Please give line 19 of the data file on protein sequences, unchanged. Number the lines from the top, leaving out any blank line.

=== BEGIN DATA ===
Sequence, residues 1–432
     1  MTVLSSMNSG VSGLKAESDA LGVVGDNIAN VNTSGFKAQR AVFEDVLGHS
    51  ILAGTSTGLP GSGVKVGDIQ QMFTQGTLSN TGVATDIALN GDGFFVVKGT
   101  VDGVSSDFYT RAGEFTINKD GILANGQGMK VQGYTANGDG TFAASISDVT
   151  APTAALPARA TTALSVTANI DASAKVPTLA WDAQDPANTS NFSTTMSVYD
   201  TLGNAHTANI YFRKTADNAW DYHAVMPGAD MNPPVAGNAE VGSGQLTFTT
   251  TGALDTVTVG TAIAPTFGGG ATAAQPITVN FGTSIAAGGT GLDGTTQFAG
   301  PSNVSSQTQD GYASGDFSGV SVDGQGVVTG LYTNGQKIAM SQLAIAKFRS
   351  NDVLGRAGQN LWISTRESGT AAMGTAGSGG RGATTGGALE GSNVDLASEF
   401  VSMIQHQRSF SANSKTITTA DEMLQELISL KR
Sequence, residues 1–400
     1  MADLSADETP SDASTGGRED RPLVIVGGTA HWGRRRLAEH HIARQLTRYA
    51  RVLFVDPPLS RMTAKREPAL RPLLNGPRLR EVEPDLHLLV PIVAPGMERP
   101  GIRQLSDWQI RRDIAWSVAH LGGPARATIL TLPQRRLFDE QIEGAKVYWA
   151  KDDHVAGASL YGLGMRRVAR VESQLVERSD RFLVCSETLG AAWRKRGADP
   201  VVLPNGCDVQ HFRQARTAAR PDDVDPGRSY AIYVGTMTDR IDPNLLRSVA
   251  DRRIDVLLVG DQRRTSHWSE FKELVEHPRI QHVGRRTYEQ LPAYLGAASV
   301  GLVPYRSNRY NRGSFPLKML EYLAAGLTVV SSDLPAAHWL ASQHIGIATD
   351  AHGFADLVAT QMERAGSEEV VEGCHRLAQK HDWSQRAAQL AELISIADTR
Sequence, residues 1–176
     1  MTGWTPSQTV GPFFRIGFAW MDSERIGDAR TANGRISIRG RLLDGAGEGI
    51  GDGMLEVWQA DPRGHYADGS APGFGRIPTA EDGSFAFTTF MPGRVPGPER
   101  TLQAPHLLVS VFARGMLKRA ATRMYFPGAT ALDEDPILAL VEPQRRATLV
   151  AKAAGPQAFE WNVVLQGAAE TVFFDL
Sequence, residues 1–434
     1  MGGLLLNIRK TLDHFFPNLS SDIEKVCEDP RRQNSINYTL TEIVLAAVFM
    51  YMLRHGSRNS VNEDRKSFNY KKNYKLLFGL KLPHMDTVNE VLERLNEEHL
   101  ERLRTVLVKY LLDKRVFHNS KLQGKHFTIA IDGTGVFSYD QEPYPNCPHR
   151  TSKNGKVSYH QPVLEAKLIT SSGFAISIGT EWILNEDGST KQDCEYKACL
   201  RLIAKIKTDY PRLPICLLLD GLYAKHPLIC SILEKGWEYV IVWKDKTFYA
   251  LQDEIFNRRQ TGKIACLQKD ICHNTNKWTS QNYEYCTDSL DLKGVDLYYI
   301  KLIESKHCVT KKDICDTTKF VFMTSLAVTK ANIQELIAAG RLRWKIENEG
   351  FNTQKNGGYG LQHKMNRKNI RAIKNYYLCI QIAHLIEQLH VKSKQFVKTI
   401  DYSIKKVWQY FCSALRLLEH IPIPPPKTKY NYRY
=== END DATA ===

   351  AHGFADLVAT QMERAGSEEV VEGCHRLAQK HDWSQRAAQL AELISIADTR